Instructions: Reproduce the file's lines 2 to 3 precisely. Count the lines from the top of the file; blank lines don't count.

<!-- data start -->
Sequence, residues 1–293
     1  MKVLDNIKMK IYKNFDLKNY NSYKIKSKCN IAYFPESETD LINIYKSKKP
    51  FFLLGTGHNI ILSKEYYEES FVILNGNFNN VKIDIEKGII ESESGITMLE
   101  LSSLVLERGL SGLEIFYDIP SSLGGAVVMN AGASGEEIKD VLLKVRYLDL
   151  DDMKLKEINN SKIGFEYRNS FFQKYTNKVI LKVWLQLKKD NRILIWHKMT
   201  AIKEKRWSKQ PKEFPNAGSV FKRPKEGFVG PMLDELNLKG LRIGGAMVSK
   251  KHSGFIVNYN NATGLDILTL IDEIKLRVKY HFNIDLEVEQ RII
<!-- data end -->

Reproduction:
     1  MKVLDNIKMK IYKNFDLKNY NSYKIKSKCN IAYFPESETD LINIYKSKKP
    51  FFLLGTGHNI ILSKEYYEES FVILNGNFNN VKIDIEKGII ESESGITMLE